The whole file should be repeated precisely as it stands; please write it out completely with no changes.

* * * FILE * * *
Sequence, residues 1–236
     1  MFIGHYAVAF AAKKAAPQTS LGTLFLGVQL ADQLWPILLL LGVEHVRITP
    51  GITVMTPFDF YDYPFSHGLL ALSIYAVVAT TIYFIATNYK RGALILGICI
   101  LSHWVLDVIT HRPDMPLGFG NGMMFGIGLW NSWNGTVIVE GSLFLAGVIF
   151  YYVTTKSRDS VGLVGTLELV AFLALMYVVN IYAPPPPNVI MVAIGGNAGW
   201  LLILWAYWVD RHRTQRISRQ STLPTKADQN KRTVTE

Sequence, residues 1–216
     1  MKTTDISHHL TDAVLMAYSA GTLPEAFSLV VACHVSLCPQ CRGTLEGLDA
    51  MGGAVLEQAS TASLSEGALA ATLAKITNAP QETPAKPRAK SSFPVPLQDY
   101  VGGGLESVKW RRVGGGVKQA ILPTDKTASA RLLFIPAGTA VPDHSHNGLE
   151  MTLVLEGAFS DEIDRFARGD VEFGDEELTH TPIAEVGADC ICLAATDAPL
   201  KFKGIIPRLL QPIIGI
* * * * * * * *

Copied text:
Sequence, residues 1–236
     1  MFIGHYAVAF AAKKAAPQTS LGTLFLGVQL ADQLWPILLL LGVEHVRITP
    51  GITVMTPFDF YDYPFSHGLL ALSIYAVVAT TIYFIATNYK RGALILGICI
   101  LSHWVLDVIT HRPDMPLGFG NGMMFGIGLW NSWNGTVIVE GSLFLAGVIF
   151  YYVTTKSRDS VGLVGTLELV AFLALMYVVN IYAPPPPNVI MVAIGGNAGW
   201  LLILWAYWVD RHRTQRISRQ STLPTKADQN KRTVTE

Sequence, residues 1–216
     1  MKTTDISHHL TDAVLMAYSA GTLPEAFSLV VACHVSLCPQ CRGTLEGLDA
    51  MGGAVLEQAS TASLSEGALA ATLAKITNAP QETPAKPRAK SSFPVPLQDY
   101  VGGGLESVKW RRVGGGVKQA ILPTDKTASA RLLFIPAGTA VPDHSHNGLE
   151  MTLVLEGAFS DEIDRFARGD VEFGDEELTH TPIAEVGADC ICLAATDAPL
   201  KFKGIIPRLL QPIIGI